YET HE NEVER CONSIDERED THE EFFECTS OF THE DRUGS IN CHRISSY RAWLINS SYSTEM BEFORE REACHING HIS FAULTY CONCLUSION. 

The officer’s opinion is that Ms. Rawlins did not have sufficient time to perceive or react to Miss Osuegbu, yet never considered the known impact that drugs have on a person’s perception and reaction abilities.   

Beyond that, there were many other flaws in the investigation.   For example, the report repeatedly mentions that the darkness was a factor that helped to excuse Ms. Rawlins from being at fault.  But was it actually dark out?    Sunset in Georgia on August 23 is at 8:15pm.   This crash happened at approximately 8:40pm.  There still would have been a fair amount of evening dusk lighting that would have made Miss Osuegbu visible.   

First the report states that it is unknown what clothing Miss Osuegbu was wearing, then it goes on to blame her for failure to wear reflective clothing.   Again, there is nothing in Georgia law that dictates the clothing to be worn by someone on a bicycle.  

As mentioned above, Miss Osuegbu was making a left turn.  Had the officer made the slightest effort to learn what she had been doing that night, he would have known that.  It only matters in the context of then having the officer use a false legal standard to blame Miss Osuegbu for not being as far to the right of the roadway as possible.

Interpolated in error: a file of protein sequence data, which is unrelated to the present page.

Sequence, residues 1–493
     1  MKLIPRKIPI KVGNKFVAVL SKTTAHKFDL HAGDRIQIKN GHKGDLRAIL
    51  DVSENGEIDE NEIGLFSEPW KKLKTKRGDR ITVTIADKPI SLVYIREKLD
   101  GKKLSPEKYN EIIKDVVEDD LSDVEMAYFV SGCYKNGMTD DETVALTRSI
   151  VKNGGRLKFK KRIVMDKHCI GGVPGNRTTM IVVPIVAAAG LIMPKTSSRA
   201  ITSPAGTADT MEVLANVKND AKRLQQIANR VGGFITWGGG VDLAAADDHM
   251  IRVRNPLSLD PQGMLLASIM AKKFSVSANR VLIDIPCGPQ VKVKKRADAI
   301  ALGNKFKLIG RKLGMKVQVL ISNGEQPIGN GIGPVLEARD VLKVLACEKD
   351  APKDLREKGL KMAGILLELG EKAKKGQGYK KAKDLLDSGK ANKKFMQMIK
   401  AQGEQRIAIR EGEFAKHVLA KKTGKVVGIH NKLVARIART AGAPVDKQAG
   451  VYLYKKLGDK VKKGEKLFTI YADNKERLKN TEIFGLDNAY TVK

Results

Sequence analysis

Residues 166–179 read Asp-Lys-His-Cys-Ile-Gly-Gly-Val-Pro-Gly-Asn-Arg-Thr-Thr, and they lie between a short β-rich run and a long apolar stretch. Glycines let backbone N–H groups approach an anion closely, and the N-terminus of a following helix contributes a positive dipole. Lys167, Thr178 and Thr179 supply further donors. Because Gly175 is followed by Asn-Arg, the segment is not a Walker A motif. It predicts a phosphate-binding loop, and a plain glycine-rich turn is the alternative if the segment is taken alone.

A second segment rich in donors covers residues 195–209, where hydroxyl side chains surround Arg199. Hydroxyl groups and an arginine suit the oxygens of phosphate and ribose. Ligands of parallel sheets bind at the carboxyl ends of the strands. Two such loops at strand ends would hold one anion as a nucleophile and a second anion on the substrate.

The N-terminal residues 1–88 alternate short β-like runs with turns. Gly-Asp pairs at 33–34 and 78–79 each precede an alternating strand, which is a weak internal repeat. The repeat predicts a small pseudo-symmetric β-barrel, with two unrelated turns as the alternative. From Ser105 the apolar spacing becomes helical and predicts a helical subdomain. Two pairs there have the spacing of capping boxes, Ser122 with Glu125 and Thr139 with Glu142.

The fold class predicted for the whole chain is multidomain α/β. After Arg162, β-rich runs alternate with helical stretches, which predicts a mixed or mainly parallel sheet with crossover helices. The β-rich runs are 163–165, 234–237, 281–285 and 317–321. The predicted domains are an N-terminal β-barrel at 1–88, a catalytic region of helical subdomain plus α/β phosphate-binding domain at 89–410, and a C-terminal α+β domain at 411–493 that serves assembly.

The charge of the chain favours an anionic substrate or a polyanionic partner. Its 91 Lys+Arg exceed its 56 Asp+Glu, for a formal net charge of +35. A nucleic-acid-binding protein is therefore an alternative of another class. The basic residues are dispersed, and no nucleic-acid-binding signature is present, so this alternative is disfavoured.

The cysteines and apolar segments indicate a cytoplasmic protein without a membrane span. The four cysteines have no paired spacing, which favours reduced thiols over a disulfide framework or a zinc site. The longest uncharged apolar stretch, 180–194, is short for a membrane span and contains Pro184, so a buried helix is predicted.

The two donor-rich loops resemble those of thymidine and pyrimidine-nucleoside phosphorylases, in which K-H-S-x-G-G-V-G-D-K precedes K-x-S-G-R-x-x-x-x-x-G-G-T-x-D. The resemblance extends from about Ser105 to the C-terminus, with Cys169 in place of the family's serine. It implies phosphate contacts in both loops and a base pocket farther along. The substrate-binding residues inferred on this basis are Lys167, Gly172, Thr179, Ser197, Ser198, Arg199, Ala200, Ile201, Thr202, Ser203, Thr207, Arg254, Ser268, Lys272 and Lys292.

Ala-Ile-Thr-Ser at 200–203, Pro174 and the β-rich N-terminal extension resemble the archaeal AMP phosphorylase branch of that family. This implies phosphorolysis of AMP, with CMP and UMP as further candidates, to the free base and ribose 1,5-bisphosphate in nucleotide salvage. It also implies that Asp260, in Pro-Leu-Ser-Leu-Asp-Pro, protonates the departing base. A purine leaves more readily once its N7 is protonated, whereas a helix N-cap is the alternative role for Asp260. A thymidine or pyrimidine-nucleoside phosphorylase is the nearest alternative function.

What now?  A Call To Action

What can be done now?   The Barrow County District Attorney has refused to do anything with this case based on the SCRT report.   Why?   The DA has the authority to do their own investigation.   They have 20 people working there and a budget of over $1,000,000, don’t the citizens of Barrow County deserve a proper investigation in the actions of a DUI driver that killed someone while driving on Meth?   

We are calling on Barrow County District Attorney Brad Smith to prosecute Chrissy Rawlins for Felony Vehicular Homicide.   DA Smith should demand that the State Patrol retract the faults SCRT report and have a new, independent investigation done, whether by GSP, GBI or an independent accident reconstructionist.   The DA should demand to have a toxicology expert issue an opinion of the effect of the drugs in Ms. Rawlins’ system on her perception and reaction times.   

Solicitor Kyle Sharry and his office have been very sympathetic and helpful to the Osuegbu family, but they only prosecute misdemeanor cases which offer minimal punishment for Ms. Rawlins’ heinous actions.  

Quite simply, we are calling on DA Brad Smith to do the job that he was elected to do.   If you care to do so, you can also encourage the Barrow District Attorney to pursue Felony Vehicular Homicide charges against Chrissy Rawlins.

 

Brad Smith 

Barrow County District Attorney

770-307-3040

[email protected]

[email protected]

Barrow County Courthouse

652 Barrow Park Drive, Suite A

Winder, GA 30680

 

We will not stop fighting for Pauline and her child until there is Justice for Obianuju.

cycling death

Demand Justice for Uju!